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Semiconductor Nanomaterials for Information and Energy Technologies

Yajie Dong, Ph.D.
Massachusetts Institute of Technology

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Light refreshments will be served


Mari Pina
NanoScience Technology Center
Phone: 407-882-1515
Email: Mari.Pina@ucf.edu

Date: Monday, June 23, 2014; 11:00am - 12:00pm
Cost: Free and open to the public
Location: Physical Science Building, Room 161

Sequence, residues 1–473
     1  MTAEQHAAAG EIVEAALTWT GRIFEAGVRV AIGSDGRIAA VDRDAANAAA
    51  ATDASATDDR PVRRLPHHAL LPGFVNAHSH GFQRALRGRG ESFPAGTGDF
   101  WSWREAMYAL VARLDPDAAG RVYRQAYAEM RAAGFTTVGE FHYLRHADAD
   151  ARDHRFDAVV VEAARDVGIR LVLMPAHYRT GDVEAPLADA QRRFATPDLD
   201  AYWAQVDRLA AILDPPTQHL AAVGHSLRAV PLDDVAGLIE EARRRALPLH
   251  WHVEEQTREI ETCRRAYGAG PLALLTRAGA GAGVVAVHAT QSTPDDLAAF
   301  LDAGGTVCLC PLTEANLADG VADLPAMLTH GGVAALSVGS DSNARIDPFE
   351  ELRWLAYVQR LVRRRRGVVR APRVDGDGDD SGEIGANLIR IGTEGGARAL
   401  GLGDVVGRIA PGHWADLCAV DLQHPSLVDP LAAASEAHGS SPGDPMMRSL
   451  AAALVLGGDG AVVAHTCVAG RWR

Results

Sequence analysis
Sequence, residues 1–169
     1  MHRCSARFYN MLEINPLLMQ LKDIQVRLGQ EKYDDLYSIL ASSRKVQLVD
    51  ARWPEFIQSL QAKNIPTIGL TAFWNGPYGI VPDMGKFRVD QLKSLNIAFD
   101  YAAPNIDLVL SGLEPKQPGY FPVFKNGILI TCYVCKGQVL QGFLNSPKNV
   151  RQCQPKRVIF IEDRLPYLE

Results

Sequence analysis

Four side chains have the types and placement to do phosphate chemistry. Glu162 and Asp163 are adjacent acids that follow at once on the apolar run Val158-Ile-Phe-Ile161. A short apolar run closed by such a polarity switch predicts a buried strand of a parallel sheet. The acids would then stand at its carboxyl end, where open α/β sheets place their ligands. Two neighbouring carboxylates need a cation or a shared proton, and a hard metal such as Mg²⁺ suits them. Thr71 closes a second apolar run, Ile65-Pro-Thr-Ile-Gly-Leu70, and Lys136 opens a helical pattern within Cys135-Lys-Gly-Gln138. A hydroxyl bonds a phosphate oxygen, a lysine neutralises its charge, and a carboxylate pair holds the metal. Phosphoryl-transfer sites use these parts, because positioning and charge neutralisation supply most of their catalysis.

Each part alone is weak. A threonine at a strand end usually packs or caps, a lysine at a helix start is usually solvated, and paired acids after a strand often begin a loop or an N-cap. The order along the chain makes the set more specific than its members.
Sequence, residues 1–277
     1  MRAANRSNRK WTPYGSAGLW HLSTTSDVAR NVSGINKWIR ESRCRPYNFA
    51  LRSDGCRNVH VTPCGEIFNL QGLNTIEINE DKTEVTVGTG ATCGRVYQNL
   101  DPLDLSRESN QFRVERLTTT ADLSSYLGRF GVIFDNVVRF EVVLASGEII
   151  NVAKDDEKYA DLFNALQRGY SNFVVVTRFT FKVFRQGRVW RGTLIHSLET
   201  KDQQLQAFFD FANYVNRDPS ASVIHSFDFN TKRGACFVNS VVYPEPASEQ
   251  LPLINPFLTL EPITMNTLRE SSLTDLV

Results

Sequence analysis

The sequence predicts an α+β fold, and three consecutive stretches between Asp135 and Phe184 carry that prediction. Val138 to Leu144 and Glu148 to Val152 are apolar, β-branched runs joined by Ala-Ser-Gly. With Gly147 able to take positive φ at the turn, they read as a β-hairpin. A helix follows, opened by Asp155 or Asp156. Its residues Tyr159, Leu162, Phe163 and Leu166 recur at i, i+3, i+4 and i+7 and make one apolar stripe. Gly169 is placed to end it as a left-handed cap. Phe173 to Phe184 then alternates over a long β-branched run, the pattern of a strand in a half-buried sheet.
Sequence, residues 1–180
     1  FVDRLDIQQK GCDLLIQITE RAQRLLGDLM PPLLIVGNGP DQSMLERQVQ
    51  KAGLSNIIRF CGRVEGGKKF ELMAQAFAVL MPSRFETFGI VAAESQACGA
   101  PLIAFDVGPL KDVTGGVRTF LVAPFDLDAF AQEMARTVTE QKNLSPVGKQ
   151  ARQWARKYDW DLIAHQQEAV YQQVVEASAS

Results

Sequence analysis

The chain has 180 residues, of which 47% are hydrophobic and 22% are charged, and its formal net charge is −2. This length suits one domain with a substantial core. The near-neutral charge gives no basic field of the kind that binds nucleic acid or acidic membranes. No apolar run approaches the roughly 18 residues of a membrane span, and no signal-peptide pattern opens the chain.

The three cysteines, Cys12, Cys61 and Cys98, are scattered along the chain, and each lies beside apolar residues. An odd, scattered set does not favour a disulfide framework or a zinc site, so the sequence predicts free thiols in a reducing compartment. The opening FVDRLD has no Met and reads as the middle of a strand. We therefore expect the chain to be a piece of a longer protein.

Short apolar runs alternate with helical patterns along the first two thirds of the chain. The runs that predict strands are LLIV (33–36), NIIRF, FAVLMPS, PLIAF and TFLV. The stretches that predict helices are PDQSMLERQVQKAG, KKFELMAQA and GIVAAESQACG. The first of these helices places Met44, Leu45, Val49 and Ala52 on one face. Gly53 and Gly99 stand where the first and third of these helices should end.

Low dimensional nanomaterials (1 D nanowires and 0 D quantum dots) represent important nanoscale building blocks with substantial potential for exploring new device concepts and materials for nanoelectronics, optoelectronics and energy technology applications. Three examples will be presented. First, I will discuss my discovery of unique rectified silver/amorphous silicon/crystalline silicon (Ag/a-Si/c-Si) crossbar resistive random access memory (RRAM) effect in c-Si/a-Si core/shell nanowires and provide a comprehensive comparison between nanowire based and planar silicon based Ag/a-Si/c-Si RRAMs. The history of how this accidental nanowire based discovery solved a decades-long sneak current problem in RRAM field and eventually evolved into a game changing mainstream flash memory successor, Crossbar Memory, will be presented. Then I will report the experimental realization of high efficiency single coaxial group III-nitride heterostructured nanowire photovoltaic devices and light emitting devices. Meanwhile, a universal van der Waals epitaxial growth strategy for compound semiconductor nanowire arrays will be discussed. The vision of how the combination of nanowire array growth and heterostructured nanowire devices could possibly change the substrate limited status of III-Nitride research fields will be outlined. Lastly, I will present how quantum dots materials innovation and novel device structure design/processing helped resolve one long standing issue for organic based light emitting devices, the efficiency roll off at high driving current density. As a result, record breaking ultrabright, highly efficient, low roll off inverted red quantum dot light emitting devices (QLEDs) have been achieved (165,000Cd/m2 at <6V driving voltage). Strategies to attack the only remaining issue (long term instability) of QLEDs will be discussed in the end.

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